Common Questions about Pregnancy and Dental Care

by Laurena Marques, BSDH, RDH

In honor of Dr. Zeller and his wife Catharine’s new baby arriving next month, let’s chat about pregnancy and oral health!

Oral health is a very important part of prenatal care. Pregnancy can cause an increased risk for dental problems so taking care of your teeth and gums can help you have a healthy pregnancy and baby! Here are some of the most common questions we get from our pregnant patients:

“Does the baby take all the nutrients from my teeth?” 

This is a common question but fortunately a misconception! However, the body’s hormonal changes can cause an exaggerated response to bacteria in the mouth, as well as tooth decay from an increase in acids from vomiting (especially in the first trimester). A change in dietary habits can also lead to an increase in acids that cause tooth decay.

“Why are my gums sore and bleeding during pregnancy?”

Increased hormone levels allow an increased response to the bacteria in the mouth that causes gums to bleed easily and can lead to pregnancy gingivitis. There is also an increase of specific bacteria that use these hormones as a source of nutrition. Gums can bleed easily when brushing and flossing and new lesions can appear on the gums between the teeth. When chronic inflammation is untreated, it can lead to periodontal disease, which is common during pregnancy.  When gums are unhealthy or an untreated tooth infection is present, this can lead to a slightly higher chance of premature birth and low birth weight babies.

“Are dental x-rays safe during pregnancy?”

Yes! It’s important to diagnose decay and gum issues during pregnancy, so we recommend routine x-rays at your dental visit. Digital dental x-rays pose minimal radiation exposure to the uterus, and we provide a lead apron for additional protection.

Read more about the type of x-rays we take at Five Pines and the safety of dental x-rays.

“Can I have a dental work aside from cleanings during pregnancy?”

Dental care should be prioritized during pregnancy due to the higher likelihood of tooth decay and gum issues. We recommend delaying restorative work (fillings, crowns, etc.) until after the first trimester. The best time to have dental work completed is during the second trimester, while you are more comfortable in positions for long periods of time. Dental cleanings can be performed throughout the entire pregnancy if you are comfortable in the chair.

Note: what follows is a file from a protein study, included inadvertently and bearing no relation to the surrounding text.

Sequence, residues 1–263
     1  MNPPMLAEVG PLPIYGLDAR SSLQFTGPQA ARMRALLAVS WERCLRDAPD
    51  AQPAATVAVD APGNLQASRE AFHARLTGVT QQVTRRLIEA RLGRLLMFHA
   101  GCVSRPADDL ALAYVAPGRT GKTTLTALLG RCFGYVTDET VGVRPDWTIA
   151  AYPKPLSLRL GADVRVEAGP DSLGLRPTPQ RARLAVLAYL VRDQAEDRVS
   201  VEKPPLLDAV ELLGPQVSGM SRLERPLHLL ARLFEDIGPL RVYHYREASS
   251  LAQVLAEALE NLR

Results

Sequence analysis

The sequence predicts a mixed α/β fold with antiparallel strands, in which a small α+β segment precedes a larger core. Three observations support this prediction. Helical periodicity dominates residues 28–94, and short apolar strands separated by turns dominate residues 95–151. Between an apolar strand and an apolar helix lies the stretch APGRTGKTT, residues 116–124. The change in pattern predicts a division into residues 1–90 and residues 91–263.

“What are some things I can do to help my teeth and gums during pregnancy?”

  • If you notice an increase in bleeding when brushing, it’s important to have early intervention – come in to get a checkup and dental cleaning. Many of our patients like to have additional cleanings during their pregnancies to ensure good oral health. Some insurances will even cover an “extra” cleaning during pregnancy! Dental visits are also important if you have a chronic health condition or have a high-risk pregnancy. 
  • If vomiting, wait at least one hour before brushing your teeth to avoid enamel erosion. Use a pH balancing mouth rinse or swish with water to reduce the amount of acids in your mouth.
  • Use toothpaste with fluoride to strengthen your enamel.
  • Choose low sugar foods that are less damaging to your teeth such as raw fruit and vegetables. Avoid soda and juice.

If you have additional questions about pregnancy and your oral health, please reach out to us. And if you are reading this and currently expecting – congratulations!


American Dental Association (2021) Oral Health Topics – Pregnancy. https://www.ada.org/en/member-center/oral-health-topics/pregnancy

B Rai, J Kaur, S Kharb. (2008) Pregnancy gingivitis and periodontitis and its systemic effect. The Internet Journal of Dental Science. 2008 Volume 6 Number 2.